“My first mistake was wearing a dress.  Dresses, I learned, weren’t allowed in the NASCAR garage unless modeled by Miss Winston, Miss Mopar, Miss Mello-Yello, or whatever honorary beauty queen reigned that day, replete with tiara and satin sash across an ample bosom.  But for women not born to ride atop floats, wearing a dress meant you didn’t get in.

“In was the first item on a long list of things I didn’t know about stock-car racing when I was sent to cover my first NASCAR practice in 1991.

“It was a geographical fluke that I drew the assignment, having landed in Charlotte, North Carolina, as a young sportswriter the previous fall.  And it was a quirk of the era that it later became my beat – an era that saw major newspapers confront the reality of NASCAR, long derided as a fixation of the semiliterate southern fringe, had started commanding TV ratings that warranted broader coverage.  The only thing I knew about NASCAR at the time was that Bruce Springsteen had once mentioned Junior Johnson in a song.  I knew the lyrics to ‘Cadillac Ranch’ cold, but I wasn’t sure if Johnson was real or fiction, dead or alive.”

“One Helluva Ride – How NASCAR Swept The Nation” – Written by Liz Clarke.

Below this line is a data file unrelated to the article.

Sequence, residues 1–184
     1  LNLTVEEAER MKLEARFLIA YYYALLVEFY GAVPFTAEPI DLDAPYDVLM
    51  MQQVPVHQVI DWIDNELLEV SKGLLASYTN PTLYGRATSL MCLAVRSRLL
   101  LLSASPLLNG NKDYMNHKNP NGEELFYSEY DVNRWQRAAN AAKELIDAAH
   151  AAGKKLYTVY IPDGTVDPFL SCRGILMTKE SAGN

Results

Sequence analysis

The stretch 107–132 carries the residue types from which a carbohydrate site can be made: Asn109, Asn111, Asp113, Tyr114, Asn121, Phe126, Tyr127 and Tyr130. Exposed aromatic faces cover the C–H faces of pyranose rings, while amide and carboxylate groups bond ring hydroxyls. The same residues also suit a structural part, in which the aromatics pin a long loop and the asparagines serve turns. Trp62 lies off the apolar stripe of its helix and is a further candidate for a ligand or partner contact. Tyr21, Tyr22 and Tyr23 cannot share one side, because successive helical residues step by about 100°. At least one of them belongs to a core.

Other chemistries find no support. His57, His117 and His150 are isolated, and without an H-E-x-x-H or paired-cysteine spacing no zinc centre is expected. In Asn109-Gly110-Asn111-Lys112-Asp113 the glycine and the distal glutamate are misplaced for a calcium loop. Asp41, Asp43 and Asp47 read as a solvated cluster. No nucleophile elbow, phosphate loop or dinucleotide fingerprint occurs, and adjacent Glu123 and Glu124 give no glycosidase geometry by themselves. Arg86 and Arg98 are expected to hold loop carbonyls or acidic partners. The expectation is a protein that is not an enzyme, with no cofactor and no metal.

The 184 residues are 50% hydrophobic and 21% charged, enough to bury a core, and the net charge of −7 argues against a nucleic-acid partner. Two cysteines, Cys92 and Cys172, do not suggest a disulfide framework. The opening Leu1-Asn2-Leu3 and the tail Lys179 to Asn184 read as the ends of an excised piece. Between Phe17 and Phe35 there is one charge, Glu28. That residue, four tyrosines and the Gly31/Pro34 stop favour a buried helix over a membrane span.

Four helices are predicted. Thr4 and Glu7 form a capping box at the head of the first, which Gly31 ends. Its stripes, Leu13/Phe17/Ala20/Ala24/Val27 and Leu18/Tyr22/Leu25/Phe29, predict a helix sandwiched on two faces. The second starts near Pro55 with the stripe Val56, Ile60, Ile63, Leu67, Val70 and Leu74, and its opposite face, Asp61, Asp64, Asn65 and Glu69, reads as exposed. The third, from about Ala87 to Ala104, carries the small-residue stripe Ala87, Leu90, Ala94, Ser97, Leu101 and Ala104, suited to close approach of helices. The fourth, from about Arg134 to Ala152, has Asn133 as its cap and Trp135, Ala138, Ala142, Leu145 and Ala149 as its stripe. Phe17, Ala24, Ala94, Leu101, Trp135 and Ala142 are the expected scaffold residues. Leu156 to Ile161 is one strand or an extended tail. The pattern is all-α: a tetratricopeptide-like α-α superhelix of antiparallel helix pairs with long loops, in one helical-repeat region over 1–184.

Though, I do not read many crime novels, I have come to enjoy Michael Connolly’s Los Angeles-based murder mysteries.  I have primarily read Connolly on “Books-On-Tape”, which makes them harder to excerpt.  So I chose a different writer, whose voice is equally sharp and cryptically intense.

“I need to locate someone.”

“What type of case?” he asks as he lands hard in his oversized executive chair.  The wall behind him is covered with large photos and seminar certificates.

“It’s not really a case.  I just need to find the guy.”

“What will you do after you find him?”

“Talk to him.  That’s all.  There’s no cheating husband or delinquent debtor.  I’m not looking for money or revenge or anything bad.  I just need to meet this guy and find out more about him.”

“Fair enough.”  Frank uncaps his pen and is ready to take notes.  “Tell me about him.”

“His name is Nathan Cooley.  I think he also goes by Nat, too.  Thirty years old, single, I think.  He’s from a small town called Willow Gap.”

“I’ve been through Willow Gap.”

“Last I knew, his mother still lives there, but I’m not sure where Cooley is now.  A few years back, he got busted for a meth sting – “

“What a surprise.”

“And spent a few years in federal prison.  His older brother was killed in a shoot-out with the police.”

Frank is scribbling away.  “And how do you know this guy?”

“Let’s say we go way back.”

“Fair enough.”  He knows when to ask questions and when to let them pass.  “What am I supposed to do?” 

“Look, Mr. Beebe –“

“It’s Frank.”

“Okay, Frank.  I doubt there are many black folks in and around Willow Gap.  That, plus I’m from Miami, and I have Florida tags on my little foreign car.  If I show up and start poking around, asking questions, I probably won’t get too far.”

“You’d probably get shot.”

“I’d like to avoid that.”

“The Racketeer” – Written by John Grisham.  

This last one, I read in preparation to our recent trip to Turkey.  Reflecting a country dangling uncomfortably between two cultures, it is a comic novel concerning the rise and fall of an institution that, although powerful and pervasive, has essentially no practical function whatsoever.